Stories about Argentina from July, 2012
The Americas Quarterly blog points out that although there is still a lot to do to end gender discrimination at the Olympics, “for the first time in history, every country competing in the London 2012 Olympics will have at least one female athlete, with many – notably in Latin America...
Blind and visually impaired people in Argentina are facing difficulties in accessing public spaces accompanied by a guide dog. Maximiliano Marc and other citizens have resorted to the web to lobby for a national law defending the rights of the visually impaired.
In honor of the 60th anniversary of the death of Eva Duarte de Perón (Evita), President Cristina Fernandez de Kirchner unveiled a new banknote with Evita's image, replacing Julio Roca on $100 bills. On social networks, some defend the change and others criticize it.
Lillie Langtry from the blog Memory in Latin America explains that the Grandmothers of the Plaza de Mayo are getting into the spirit of the Olympics by “asking various Argentine sportspeople to feature in their latest video campaign.” Langtry shares a video where Carlo Retegui, the coach of the women's...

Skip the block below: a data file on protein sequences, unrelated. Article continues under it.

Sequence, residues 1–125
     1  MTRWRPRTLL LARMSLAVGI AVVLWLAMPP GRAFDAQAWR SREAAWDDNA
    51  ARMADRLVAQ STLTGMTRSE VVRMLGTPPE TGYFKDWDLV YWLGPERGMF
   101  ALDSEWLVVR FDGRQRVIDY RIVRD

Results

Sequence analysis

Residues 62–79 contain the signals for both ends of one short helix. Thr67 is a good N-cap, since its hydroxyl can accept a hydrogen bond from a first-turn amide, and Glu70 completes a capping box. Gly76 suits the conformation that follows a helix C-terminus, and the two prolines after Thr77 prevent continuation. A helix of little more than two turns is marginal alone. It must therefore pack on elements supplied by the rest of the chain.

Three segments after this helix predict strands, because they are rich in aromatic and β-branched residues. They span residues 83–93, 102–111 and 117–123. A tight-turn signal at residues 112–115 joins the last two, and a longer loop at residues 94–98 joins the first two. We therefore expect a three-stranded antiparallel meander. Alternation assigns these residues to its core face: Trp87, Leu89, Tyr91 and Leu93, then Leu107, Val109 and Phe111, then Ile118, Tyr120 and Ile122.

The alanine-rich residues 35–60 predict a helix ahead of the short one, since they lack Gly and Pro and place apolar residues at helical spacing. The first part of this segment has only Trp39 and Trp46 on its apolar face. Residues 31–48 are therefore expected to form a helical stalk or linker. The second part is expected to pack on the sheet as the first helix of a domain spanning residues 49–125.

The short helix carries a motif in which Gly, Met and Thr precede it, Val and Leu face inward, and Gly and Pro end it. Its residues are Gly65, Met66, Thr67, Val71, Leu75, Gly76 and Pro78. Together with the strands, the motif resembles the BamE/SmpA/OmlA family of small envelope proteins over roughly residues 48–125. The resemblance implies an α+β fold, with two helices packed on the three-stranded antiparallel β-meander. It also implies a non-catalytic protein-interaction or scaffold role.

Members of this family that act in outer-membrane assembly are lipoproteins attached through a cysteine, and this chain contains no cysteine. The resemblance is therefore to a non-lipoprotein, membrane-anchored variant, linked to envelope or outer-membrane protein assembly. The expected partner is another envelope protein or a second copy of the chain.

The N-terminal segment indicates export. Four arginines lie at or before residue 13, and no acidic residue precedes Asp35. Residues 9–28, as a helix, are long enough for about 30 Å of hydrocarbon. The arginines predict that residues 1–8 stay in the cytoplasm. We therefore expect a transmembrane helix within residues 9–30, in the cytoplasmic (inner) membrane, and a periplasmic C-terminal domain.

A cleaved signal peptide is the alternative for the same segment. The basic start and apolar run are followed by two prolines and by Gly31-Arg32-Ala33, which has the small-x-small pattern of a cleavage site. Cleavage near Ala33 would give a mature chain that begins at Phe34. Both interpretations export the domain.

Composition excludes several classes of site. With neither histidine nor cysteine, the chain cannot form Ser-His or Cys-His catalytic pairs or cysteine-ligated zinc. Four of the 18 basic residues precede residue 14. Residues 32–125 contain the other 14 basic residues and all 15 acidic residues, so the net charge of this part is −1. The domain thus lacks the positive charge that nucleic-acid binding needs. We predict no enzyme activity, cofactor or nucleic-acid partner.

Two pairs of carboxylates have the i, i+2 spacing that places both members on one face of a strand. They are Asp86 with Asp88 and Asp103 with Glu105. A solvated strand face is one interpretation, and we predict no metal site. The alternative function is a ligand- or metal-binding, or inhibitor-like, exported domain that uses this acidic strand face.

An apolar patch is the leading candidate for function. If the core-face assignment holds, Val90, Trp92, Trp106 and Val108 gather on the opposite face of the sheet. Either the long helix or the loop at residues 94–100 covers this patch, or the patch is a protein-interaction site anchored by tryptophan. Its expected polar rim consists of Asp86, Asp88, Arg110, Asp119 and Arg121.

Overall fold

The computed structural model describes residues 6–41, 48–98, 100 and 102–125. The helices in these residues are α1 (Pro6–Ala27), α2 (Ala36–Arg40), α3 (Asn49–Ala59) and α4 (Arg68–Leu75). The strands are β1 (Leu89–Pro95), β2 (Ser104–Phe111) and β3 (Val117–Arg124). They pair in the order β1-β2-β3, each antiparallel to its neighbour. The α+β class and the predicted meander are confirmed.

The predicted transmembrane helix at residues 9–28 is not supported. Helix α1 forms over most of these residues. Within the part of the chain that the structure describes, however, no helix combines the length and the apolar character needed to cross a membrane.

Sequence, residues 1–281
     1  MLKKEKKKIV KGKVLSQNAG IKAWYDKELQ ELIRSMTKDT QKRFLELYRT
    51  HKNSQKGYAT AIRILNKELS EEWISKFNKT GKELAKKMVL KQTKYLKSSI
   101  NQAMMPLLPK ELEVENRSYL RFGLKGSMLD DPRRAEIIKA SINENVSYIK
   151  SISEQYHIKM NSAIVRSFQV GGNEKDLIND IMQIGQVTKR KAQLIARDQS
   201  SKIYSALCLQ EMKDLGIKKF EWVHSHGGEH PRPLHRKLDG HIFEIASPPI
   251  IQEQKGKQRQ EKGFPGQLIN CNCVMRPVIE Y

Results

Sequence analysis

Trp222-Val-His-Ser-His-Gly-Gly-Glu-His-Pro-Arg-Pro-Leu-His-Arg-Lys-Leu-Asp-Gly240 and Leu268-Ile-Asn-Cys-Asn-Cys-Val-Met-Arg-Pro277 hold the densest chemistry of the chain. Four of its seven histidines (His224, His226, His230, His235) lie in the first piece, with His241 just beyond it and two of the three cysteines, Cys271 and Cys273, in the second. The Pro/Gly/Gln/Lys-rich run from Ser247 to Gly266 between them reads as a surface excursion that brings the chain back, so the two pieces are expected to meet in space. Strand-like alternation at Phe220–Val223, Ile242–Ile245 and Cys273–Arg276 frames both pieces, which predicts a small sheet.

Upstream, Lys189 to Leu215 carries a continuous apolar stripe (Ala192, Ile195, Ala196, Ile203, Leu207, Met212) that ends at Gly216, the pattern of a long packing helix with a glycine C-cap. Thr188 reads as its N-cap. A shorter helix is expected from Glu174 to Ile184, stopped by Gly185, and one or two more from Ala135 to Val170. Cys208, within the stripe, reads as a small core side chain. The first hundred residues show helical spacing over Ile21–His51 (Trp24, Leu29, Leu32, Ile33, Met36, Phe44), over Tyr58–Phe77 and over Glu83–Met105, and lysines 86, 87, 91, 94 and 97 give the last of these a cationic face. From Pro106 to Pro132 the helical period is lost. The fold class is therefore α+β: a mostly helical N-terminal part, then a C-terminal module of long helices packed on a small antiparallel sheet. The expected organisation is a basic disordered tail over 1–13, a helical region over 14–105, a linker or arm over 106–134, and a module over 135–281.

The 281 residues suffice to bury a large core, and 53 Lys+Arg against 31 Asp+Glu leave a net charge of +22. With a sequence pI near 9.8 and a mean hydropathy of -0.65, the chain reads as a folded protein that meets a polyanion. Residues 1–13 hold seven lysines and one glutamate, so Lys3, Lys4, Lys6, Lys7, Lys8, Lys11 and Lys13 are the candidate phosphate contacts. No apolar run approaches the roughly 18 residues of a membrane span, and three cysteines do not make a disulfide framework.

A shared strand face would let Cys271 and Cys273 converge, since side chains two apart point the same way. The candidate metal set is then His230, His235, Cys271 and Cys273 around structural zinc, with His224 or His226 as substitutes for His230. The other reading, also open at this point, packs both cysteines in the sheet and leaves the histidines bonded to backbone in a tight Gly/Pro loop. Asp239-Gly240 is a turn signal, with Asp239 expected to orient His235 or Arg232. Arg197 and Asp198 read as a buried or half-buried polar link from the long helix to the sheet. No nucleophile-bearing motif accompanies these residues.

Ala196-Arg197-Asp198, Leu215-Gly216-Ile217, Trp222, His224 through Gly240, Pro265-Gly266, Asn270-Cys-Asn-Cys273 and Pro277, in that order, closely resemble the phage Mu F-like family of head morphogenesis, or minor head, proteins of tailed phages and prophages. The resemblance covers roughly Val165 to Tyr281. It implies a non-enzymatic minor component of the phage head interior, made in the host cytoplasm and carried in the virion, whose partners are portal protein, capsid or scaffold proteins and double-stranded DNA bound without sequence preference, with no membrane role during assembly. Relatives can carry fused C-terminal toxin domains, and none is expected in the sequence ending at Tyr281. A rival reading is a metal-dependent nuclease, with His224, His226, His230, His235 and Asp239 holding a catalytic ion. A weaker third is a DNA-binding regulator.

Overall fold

Just days before the Olympic Games begin in London, Argentine athletes share photos from London on their Facebook and Twitter accounts.
The city of Rosario, located 300 km from the city of Buenos Aires in Argentina, offers lovers of architecture a tour of history through its buildings, which mark the era of opulence that characterized the city. On the Internet, those who visited or are living in Rosario share photos and information on this iconic architecture.
While Argentina prepares for the 2012 Olympics in London, an advertisement produced by the Presidency and filmed in the Falkland Islands has sparked a controversy with the phrase: "To compete on English soil, we train on Argentine soil."
Starbucks Argentina caught the attention of social networks after publishing an apology for using locally manufactured white cups instead of iconic cups with the Starbucks logo. Some attributed the lack of cups to the current restrictions on imports in Argentina and some took a satirical approach to the situation.